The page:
ASAP program potentially ending at AA

Minuteman

“Dongola”
Much-lauded American Airlines safety program likely ends next month
By TREBOR BANSTETTER
tbanstetter@star-telegram.com

A much-lauded safety program for American Airlines pilots will likely end next month, airline officials said, after a breakdown in negotiations to renew the program.

The Aviation Safety Action Partnership, which began in 1994, allows pilots to report safety-related incidents for investigation without fear of discipline from American or the Federal Aviation Administration. Aviation experts have praised it as an effective way to identify potentially dangerous safety lapses that otherwise might go unreported.

The current program was scheduled to expire in January. The FAA extended it as American negotiated a renewal with the Allied Pilots Association.

But those talks haven’t produced a new program, despite several extensions. Pilots have argued that in some cases, the company unfairly disciplined pilots even when an incident was accepted for review under the program.

Airline executives countered that the program has worked well. Airline officials proposed creating teams to review every event and offered to eliminate discipline for lapses that did not involve reckless behavior by the pilot.

On Friday, the company informed pilots that the FAA would grant no more extensions.

"Proposed changes to address [union] concerns have not been accepted," airline officials said in the memo to pilots Friday. "Absent an agreement, as of Oct. 13, you will no longer have the protections afforded by the ASAP program."

American officials said they would establish a confidential hot line for pilots in lieu of the program.

The program’s demise would come after months of intense scrutiny of safety on the nation’s airlines. American grounded 300 MD-80 jets for emergency inspections in April after the FAA raised concerns. Southwest Airlines, meanwhile, was fined a record $10.2 million for allegedly flying Boeing 737 planes without inspections for potentially deadly fuselage cracks.

Relations between American and the pilots union have deteriorate in recent years. The two sides have been negotiating for a new pilot contract since 2006, but little has been achieved at the bargaining table.

http://www.star-telegram.com/business/story/905657.html
 

meyers9163

Well-Known Member
Too bad to see. But if management wants to pursue and discipline pilots when they are doing self reporting makes one wonder about their management team. I would like to see what situations in which the union speaks of where pilots were disciplined but I have to take their word for it. And if the management team really wants this, perhaps they should not use it to discipline pilots for participating in a self reporting program.
 

Nick

Well-Known Member
After having read several thousand ASAPs at another airline I am indescribably disappointed and baffled at this decision.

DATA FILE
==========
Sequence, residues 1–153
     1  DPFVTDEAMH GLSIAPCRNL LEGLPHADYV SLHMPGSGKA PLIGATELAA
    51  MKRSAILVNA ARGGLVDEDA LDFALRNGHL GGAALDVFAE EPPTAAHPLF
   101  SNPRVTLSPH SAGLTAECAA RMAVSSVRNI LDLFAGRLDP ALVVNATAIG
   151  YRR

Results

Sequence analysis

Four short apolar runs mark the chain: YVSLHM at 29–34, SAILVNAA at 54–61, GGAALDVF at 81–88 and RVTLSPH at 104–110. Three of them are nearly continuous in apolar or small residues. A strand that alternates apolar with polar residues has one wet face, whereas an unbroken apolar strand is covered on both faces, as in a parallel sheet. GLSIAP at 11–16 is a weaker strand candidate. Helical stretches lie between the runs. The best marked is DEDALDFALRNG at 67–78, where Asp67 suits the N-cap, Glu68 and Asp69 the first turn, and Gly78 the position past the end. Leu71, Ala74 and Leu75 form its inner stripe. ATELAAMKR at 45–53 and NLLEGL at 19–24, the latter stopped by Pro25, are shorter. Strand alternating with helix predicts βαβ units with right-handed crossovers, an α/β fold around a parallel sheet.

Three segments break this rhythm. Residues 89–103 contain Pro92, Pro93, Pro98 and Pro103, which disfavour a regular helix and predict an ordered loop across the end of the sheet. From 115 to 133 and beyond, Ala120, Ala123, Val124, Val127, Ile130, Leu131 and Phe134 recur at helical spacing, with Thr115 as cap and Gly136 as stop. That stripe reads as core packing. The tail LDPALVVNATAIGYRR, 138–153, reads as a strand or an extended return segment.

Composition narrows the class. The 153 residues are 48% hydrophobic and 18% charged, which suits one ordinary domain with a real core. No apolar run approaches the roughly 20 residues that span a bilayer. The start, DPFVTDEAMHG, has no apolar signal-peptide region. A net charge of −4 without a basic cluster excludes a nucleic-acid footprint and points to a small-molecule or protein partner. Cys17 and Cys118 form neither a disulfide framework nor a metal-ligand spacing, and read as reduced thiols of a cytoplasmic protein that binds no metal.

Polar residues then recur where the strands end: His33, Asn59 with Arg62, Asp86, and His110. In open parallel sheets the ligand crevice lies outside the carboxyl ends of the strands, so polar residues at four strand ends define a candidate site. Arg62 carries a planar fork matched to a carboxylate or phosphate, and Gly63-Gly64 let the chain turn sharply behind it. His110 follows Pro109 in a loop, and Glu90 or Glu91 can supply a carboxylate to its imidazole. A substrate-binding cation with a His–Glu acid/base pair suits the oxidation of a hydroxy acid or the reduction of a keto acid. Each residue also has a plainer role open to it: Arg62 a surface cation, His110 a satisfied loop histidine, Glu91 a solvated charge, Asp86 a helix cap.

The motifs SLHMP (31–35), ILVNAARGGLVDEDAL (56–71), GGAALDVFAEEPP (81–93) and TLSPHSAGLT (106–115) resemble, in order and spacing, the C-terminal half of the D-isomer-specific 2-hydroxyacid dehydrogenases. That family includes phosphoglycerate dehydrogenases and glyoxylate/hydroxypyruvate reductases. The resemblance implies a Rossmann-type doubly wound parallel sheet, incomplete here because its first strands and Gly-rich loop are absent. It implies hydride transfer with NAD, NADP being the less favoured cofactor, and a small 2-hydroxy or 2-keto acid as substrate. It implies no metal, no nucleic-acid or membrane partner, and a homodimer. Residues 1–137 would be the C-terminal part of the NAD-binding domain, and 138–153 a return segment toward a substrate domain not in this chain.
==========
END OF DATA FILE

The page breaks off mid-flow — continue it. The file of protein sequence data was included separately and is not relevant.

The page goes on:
Safety of flight at American Airlines will simply not be as good as it could have been if the ASAP program were to continue. That is a fact and it is that simple. They aren't even pretending to put an emphasis on safety by eliminating such a successful program.
 

Firebird2XC

Well-Known Member
After having read several thousand ASAPs at another airline I am indescribably disappointed and baffled at this decision.

Safety of flight at American Airlines will simply not be as good as it could have been if the ASAP program were to continue. That is a fact and it is that simple. They aren't even pretending to put an emphasis on safety by eliminating such a successful program.

Considering that the AMR management team and the APA pilots are still deeply entrenching and fighting over contract issues, this is no surprise.

By letting a program that shields pilots from government enforcement fall by the wayside because of the contract issues, management has officially let it be known that they're willing to let their pilot group bleed until AMR gets its way.
 

Orange Anchor

New Member
The public should respond to this by telling American that if they do not value safety above in-house strife, they do not deserve passenger confidence.
 

Firebird2XC

Well-Known Member
The public should respond to this by telling American that if they do not value safety above in-house strife, they do not deserve passenger confidence.
Yeah like that'll happen.

Most people have no idea what's going on.

The public's take would be this, anyhow:

"So these pilots were screwing up and getting away with it? We don't need this program, we need pilots losing their licenses!"
 

Orange Anchor

New Member
Yeah like that'll happen.

Most people have no idea what's going on.
The public's take would be this, anyhow:
"So these pilots were screwing up and getting away with it? We don't need this program, we need pilots losing their licenses!"
True. Most people still cling to a blame-game mentality and they expect something (perfection) from others while hanging onto being fallible themselves. This does not however diminish the need to educate the public that this program is not about absolving error but finding weaknesses in the system.